Before you read the report, test your own News IQ by taking the interactive knowledge quiz. The short quiz includes many of the questions that were included in a national poll. Participants will instantly learn how they did on the quiz in comparison with the general public as well as with people like them.
The latest update of the Pew Research Center’s regular News IQ quiz uses a set of 13 pictures, maps, graphs and symbols to test knowledge of current affairs. (To take the quiz yourself before reading this report, click here.) At the high end, nearly nine-in-ten Americans (87%) are able to select the Star of David as the symbol of Judaism from a group of pictures of religious symbols. And when shown a picture of Twitter’s corporate logo, 79% correctly associate the logo with that company.
At the low end, just 43% are able to identify a picture of Elizabeth Warren’s from a group of four photographs of female politicians, among them Nancy Pelosi, Tammy Baldwin and Deb Fischer. And when presented with a map of the Middle East in which Syria is highlighted, only half are able to identify the nation correctly.
Overall, majorities correctly answer 11 of 13 questions in the new quiz, which was conducted online January 18-24, 2013, among a random sample of 1,041 adults by the Pew Research Center for the People & the Press.
The quiz includes several items about leading political figures. When shown a picture of New Jersey Gov. Chris Christie, 73% identified Christie from a list that included Newt Gingrich, Scott Walker and Rush Limbaugh. An identical percentage identified John Boehner in a question with a similar format. To see how each question was presented, see the attached survey topline.
Seven of the 13 items were answered correctly by two-thirds or more of the survey’s respondents. These included identifying the Star of David as the symbol for Judaism (87%), the corporate logo for Twitter (79%), the map of states won in 2012 by President Obama (75%), the photos of Christie and Boehner (73% each), a graph of the unemployment rate (70%) and the symbol for the Euro (69%).
About six-in-ten (62%) could identify the new secretary of state, John Kerry, from a photo lineup of four people. When shown a list of four state maps, and asked which of the states had approved the legalization of same-sex marriage last year, 60% correctly chose the state of Washington. But just 50% were able to identify Syria as country highlighted on a map of the Middle East.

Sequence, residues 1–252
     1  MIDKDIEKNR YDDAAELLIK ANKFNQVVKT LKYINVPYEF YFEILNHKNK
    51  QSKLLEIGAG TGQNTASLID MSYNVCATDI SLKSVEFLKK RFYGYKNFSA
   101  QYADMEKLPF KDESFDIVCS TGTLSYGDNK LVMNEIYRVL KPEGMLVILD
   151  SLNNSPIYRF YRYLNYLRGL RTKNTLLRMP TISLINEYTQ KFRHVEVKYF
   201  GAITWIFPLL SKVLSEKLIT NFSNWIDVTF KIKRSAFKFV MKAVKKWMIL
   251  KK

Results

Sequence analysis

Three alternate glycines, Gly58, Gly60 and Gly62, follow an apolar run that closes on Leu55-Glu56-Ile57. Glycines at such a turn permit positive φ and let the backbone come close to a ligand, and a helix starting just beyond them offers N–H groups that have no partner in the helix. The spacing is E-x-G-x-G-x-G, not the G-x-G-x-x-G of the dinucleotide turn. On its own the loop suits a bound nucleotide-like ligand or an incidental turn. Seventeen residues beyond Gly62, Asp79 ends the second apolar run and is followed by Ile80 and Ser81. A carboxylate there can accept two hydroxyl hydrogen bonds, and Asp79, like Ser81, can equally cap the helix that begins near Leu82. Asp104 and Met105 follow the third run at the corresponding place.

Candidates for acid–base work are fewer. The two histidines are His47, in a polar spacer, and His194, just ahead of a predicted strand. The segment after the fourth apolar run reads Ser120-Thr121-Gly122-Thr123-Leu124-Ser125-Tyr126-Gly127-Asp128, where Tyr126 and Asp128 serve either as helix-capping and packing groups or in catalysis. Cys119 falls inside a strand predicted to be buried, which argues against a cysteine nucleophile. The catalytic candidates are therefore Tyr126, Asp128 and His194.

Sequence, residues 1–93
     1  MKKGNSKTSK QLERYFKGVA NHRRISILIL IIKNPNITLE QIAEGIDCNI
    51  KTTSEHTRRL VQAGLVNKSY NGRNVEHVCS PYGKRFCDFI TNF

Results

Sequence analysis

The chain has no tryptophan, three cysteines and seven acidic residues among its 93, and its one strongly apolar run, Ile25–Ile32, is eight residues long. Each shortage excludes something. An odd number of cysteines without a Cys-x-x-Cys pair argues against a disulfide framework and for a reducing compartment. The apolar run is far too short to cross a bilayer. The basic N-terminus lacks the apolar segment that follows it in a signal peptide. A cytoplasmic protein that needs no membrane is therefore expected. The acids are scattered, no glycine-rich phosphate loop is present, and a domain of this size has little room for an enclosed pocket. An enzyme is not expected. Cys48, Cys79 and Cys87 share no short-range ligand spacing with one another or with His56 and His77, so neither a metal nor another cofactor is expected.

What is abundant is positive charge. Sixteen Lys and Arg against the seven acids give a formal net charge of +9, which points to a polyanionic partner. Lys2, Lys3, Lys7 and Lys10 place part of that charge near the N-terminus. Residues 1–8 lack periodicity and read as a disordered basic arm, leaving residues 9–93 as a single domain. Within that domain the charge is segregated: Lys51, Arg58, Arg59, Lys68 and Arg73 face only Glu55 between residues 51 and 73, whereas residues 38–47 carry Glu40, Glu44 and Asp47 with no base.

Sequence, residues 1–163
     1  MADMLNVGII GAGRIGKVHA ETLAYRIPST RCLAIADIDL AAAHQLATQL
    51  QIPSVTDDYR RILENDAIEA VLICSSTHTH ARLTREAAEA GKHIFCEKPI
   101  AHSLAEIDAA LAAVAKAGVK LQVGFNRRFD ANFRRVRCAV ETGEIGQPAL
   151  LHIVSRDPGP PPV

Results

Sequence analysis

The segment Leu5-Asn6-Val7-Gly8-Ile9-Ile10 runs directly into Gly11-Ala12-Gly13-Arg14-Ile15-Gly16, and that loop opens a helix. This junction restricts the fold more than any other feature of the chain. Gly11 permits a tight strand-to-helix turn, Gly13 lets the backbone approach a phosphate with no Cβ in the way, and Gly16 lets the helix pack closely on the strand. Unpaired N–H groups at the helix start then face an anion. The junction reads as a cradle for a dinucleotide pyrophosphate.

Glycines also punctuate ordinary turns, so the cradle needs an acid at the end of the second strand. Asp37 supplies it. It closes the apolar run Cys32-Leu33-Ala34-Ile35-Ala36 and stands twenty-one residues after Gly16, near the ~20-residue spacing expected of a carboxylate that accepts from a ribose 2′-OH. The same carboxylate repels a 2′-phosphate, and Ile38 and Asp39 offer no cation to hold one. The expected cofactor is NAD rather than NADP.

On average, quiz takers correctly answered 8.5 of the 13 questions, a score of 65% correct when graded like a classroom test.
The question about religious symbols was modeled on one asked previously in Oct. 2011. In the current survey, four symbols were shown and respondents were asked to identify the one associated with Judaism: 87% correctly selected the Star of David.
In Oct. 2011, respondents were shown the same group of symbols and asked to identify the symbol associated with Islam. Just 42% answered correctly (Crescent and Star, #2 in the graphic.) About a third (34%) incorrectly chose Om, the symbol associated with Hinduism. (For more, see What the Public Knows – In Words and Pictures, Nov. 7, 2011.)
In the current quiz, the map identification question about Syria also was modeled on a question in the 2011 survey: 50% correctly identified Syria as the country highlighted on a map of the Middle East from a list of four countries (Turkey, Saudi Arabia and Egypt were the others). In Oct. 2011, Israel was the country highlighted on a map; 57% correctly identified it from a list that had the same alternatives as the current survey.
Young People Fare Well on Many Questions
Younger people typically score lower than older people on tests of political knowledge. That is true for some questions in the current survey, especially those that required an identification of public officials from their pictures. For example, just 46% of those younger than 30 were able to identify John Kerry from his picture as the nominee for secretary of State (the survey was conducted before Kerry was confirmed by the Senate on Jan. 29). Among those 50 and older, 74% chose Kerry’s picture from a group of photos.
Young people also were less likely to identify Christie and Boehner from their photos than were those 50 and older.
However, as many people under 30 as 50 and older knew that a map with highlighted states showed those that Obama won in 2012.
And about nine-in-ten young people (91%) could identify Twitter’s corporate logo; only 67% of those 50 and older could do so. Similarly, 79% of the youngest group recognized the symbol for the Euro, compared with 62% among those 50 and older.
Educational Differences in Knowledge Persist
The largest group differences in knowledge are found between individuals with lesser and greater levels of education. Respondents with no more than a high school education were less likely than college graduates to answer every question correctly.
Those with a high school education could correctly answer an average of 7.3 questions, compared with 10.1 correct among college graduates. The median gap in percent correct between the low and high education groups is 22 points.
Differences by educational group in the percentage answering correctly ranged from a low of 10 points (identifying the Twitter logo) to 30 points (identifying the flag of China).
Small Partisan Differences in Knowledge
In past versions of the News IQ test, Republicans have often outperformed Democrats and independents, but that was not the case with the current quiz. Overall, Republicans on average answered 8.7 items correctly, no different than Democrats (8.6) and independents (8.7).
Democrats (47%) were more likely than Republicans (37%) to recognize a photo of Elizabeth Warren, the new senator from Massachusetts. Other partisan differences were very small.